Mummers Museum

Philadelphia, Pennsylvania (PA)

The Mummers Museum is the only museum in the world which celebrates a tradition older than Philadelphia itself.

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Discovering Philadelphia's Mummers Museum

The Mummers Museum in Philadelphia celebrates the annual New Year’s Day Mummers Parade, known as the oldest continuous folk parade in the United States. While the first formal, city-sponsored parade was held in 1901, the tradition of "mummery" in Philadelphia began long before. Mummers existed in ancient civilizations such as Egypt and Greece and have influenced European traditions like the Feast of Saturnalia, the British Mummer Play, and the Florentine Carnival.

As the only mummers museum in the world, the institution offers a rare opportunity to see the transformation of everyday individuals into sparkling, strutting performers. Visitors can explore exhibits with uniforms, songs, and memorabilia of the past on display to get them in the mood for the next New Year's Day parade. The uniforms on show highlight the whimsical nature of the Comics, the dazzling sequin-festooned attire of the String Bands, and the elaborate feathered constructions of the Brigades and Fancy Division. Interactive displays allow visitors to compose their own Mummers medley and learn the iconic Mummers Strut, while highlights from past parades are shown on a large screen.

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What are Mummers?

“Mummers are about celebration, fun, and family. They value tradition and community. Mummers can be musical, satirical, or even a little ridiculous, but they are always colourful.”

In Philadelphia, Mummers are costumed citizens who ring in the New Year with their families and friends. They belong to clubs across five different divisions: the Comic, the Fancy, the Wench Brigade, the String Band, and the Fancy Brigade. This festive tradition culminates in the annual Mummers Parade. With thousands of participants and hundreds of thousands of spectators lining the streets or tuning in via television, this event is a spectacle of fun, joy, tradition, and creativity. Occupations such as longshoremen and firefighters have historically been linked to Mummery, reflecting its working-class origins.

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The History of Mummery

The term "Mummer" can be traced back to Greek mythology, where Momus represented satire and mockery. Historically, Mummery involved masked performers engaging in various types of folk plays, characterised by elaborate disguises and rowdy performances. These traditions spread throughout Europe, evolving differently in each region. For instance, feast mummers entertained at banquets, and the Newfoundland Mummers put on raucous performances and demanded booze.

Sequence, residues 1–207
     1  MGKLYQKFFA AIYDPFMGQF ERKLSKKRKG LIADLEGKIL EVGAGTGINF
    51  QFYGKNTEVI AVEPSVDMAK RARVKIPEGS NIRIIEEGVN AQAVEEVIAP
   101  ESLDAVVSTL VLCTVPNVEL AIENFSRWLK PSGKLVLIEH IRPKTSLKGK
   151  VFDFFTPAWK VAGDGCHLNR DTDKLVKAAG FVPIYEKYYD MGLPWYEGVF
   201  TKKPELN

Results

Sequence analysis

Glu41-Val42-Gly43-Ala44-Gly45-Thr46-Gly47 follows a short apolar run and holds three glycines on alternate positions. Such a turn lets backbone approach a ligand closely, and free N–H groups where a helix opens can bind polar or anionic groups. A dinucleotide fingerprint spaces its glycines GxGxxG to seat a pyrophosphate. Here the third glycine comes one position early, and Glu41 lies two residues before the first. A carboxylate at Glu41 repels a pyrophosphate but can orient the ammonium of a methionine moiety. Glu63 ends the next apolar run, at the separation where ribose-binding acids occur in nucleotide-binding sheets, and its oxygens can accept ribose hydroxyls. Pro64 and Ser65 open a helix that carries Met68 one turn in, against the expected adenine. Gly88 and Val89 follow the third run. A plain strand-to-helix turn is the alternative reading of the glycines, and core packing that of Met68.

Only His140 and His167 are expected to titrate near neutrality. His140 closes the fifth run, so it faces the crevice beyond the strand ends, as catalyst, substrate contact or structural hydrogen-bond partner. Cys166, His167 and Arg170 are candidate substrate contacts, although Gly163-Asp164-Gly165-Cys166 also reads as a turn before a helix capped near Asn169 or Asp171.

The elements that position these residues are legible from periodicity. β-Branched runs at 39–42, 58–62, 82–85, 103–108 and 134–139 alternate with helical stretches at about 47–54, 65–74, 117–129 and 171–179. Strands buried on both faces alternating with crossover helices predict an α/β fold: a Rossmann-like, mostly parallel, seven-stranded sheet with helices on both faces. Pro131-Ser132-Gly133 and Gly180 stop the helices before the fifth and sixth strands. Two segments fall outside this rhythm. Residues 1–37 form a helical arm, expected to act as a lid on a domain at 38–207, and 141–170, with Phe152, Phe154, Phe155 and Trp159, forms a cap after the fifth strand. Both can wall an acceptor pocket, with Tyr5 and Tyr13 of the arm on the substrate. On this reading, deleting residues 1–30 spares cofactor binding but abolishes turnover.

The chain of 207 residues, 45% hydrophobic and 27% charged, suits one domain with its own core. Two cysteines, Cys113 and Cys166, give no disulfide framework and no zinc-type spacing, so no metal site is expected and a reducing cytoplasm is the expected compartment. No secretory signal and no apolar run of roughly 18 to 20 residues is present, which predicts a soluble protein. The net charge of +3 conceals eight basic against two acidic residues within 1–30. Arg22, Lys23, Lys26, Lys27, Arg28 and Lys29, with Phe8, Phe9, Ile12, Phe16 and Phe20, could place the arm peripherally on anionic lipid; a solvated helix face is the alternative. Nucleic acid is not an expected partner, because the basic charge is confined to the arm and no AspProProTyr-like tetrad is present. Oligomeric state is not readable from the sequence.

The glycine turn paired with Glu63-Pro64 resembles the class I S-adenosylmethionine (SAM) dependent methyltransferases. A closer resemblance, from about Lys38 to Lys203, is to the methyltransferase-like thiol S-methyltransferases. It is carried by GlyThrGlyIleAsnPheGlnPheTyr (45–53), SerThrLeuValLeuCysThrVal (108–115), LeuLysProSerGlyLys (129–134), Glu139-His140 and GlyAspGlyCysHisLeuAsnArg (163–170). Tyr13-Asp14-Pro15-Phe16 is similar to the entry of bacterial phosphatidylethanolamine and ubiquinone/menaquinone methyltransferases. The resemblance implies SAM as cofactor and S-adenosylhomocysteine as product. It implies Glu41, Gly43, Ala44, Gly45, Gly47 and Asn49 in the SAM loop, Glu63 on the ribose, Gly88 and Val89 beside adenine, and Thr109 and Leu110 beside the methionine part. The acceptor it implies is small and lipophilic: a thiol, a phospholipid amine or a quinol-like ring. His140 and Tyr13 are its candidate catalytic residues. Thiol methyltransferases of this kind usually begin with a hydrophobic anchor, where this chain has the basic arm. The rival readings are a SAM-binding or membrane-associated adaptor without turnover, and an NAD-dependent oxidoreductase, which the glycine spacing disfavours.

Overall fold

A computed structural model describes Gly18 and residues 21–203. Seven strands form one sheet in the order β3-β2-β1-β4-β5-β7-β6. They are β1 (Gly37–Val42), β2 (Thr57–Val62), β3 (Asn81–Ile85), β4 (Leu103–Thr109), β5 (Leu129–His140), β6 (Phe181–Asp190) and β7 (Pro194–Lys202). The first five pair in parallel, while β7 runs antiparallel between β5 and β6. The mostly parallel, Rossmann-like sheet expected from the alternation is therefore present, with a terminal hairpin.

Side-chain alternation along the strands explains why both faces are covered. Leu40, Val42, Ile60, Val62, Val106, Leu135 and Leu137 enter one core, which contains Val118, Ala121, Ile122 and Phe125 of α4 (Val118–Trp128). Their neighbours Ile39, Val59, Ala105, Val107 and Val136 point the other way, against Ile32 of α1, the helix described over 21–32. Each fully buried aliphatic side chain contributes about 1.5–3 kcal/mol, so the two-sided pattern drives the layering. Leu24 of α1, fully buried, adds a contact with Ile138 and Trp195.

"Here we stand before your door, as we stood the year before; give us whisky, give us gin, open the door and let us in."

In the late 1600s, European settlers, particularly Swedes but also British, Irish, German, Italian, Polish, and Roman Catholic communities, brought their mummery traditions to Philadelphia, particularly neighbourhoods like Pennsport and Whitman. Known for "shooting in" the New Year, these New Year’s Shooters and Mummers would travel around singing and performing skits or poems—often mocking the ruling class—in exchange for food and drink. This practice, a precursor to Christmas carolling, retained its rowdy and festive nature in Philadelphia even as it evolved elsewhere.

It wasn’t long before Philadelphia’s mummery had grown into a significant event, with paraders in comic and fancy dress transforming the streets into one great big masked ball. Despite periods of controversy and even a ban on masquerading in the 1800s, the tradition continues to persist and evolve.

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The Mummers Parade

The Mummers Parade, officially starting on New Year’s Day 1901, has grown into an elaborate affair involving 10,000 participants from various clubs—including the Wench, Comic, Fancy, String Band, and Fancy Brigade divisions. Many participants are working-class Philadelphians who spare no expense on their costumes and props, with some brigades spending up to $100,000 on a single show.

The earliest Mummers were Comics and Fancies, donning funny and fancy costumes. Over time, different divisions such as the Wench Brigade, String Bands, and Fancy Brigades emerged, each contributing something different to the parade. The bands, which date back to the late 1800s, use elaborate props and choreography. The Fancy Brigades, formed from the Fancy Division, deliver energetic, Broadway-like performances. And the Wench Brigades still wear traditional dress.